Followerwonk analyzes a Twitter account’s followers and tweets to present a range of information useful for targeted marketing. The data is broken into charts that make for a simplified graphical representation. Followerwonk also allows you to figure out most-used hashtags for an account as well as optimal times for tweeting (when most of the followers are active on Twitter).

As a tool, Followerwonk is a statistics-based treasure trove. The insight provided by Followerwonk allows you to streamline posting times and use Twitter more effectively as a marketing channel. You can even research your competitors since Followerwonk is not limited to providing data for a single Twitter account.

3. Cyfe

Cyfe has been featured in a number of magazines as a useful tool to help businesses amalgamate their metrics in one handy dashboard. It can monitor multiple websites on multiple different platforms, allowing you to draw conclusions across the board. Through the app’s separation of dashboards into intuitive groups, you can focus on one specific element of your marketing plan, such as social media or finance.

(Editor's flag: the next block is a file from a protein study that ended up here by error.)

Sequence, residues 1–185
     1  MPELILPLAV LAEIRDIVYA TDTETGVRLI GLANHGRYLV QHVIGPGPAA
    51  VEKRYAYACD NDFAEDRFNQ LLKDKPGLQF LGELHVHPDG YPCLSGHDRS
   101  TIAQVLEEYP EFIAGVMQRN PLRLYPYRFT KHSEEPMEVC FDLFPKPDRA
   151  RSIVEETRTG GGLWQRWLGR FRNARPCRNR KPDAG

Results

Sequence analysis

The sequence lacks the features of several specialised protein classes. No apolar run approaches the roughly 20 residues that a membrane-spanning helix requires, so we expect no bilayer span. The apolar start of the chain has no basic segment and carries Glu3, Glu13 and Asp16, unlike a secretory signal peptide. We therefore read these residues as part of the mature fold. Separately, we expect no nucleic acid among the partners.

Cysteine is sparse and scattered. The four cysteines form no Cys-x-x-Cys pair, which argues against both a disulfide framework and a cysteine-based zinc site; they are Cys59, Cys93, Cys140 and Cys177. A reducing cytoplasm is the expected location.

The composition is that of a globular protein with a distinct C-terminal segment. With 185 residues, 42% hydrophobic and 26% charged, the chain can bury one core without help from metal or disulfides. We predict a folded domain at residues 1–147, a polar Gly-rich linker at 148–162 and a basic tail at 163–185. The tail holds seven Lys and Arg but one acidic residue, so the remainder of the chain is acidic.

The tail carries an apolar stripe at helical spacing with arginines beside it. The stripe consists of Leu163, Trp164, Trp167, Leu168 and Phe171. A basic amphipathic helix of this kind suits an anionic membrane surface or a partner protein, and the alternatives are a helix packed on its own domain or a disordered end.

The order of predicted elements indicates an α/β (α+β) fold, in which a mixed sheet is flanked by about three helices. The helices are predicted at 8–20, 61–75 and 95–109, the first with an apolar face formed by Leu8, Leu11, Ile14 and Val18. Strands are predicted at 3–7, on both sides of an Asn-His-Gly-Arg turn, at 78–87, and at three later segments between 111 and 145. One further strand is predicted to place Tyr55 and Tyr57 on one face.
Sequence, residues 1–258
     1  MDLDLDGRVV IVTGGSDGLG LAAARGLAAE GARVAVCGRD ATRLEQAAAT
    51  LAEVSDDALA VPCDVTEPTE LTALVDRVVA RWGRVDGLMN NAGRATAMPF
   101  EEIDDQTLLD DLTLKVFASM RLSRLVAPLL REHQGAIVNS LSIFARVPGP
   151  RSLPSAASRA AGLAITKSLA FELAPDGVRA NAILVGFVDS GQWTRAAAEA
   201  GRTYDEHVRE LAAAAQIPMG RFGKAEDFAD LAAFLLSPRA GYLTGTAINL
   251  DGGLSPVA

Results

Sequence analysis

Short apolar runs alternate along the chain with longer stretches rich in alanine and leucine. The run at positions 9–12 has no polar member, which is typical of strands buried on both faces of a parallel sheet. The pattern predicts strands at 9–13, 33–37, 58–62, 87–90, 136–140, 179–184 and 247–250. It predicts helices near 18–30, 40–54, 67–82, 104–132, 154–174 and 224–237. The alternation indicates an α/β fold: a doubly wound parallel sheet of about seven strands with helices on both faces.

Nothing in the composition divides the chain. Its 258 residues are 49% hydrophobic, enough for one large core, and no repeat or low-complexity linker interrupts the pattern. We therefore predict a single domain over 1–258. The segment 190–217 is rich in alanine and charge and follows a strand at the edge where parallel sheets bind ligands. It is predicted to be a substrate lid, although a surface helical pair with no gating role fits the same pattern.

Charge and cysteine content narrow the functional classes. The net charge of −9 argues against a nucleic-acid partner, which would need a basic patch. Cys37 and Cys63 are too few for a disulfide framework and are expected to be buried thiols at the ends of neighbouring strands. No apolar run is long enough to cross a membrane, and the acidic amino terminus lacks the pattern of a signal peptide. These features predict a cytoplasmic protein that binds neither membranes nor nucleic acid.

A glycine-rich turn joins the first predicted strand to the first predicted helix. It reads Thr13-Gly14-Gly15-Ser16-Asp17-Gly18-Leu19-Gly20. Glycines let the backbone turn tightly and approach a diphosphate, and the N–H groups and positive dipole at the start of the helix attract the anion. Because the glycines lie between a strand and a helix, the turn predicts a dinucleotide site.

For most businesses, the free options, which limit the number of dashboards you can view, should suffice. Even the premium option ($168/year) is reasonably priced given what Cyfe offers.

Chapter 6 takeaways

  • Make sure to avoid the common mistakes and errors that people make around setting up Google Analytics on their site.
  • Measuring analytics can help you determine the success of your campaigns. Take a look at at audience reports, acquisition reports, behavior reports, conversions, and more.
  • Apart from Google Analytics, you can use tools like Buffer, Followerwonk, and Cyfe for measuring analytics and collecting useful data.

When you’re setting up a marketing funnel or a sales funnel, Google Analytics is an indispensable tool.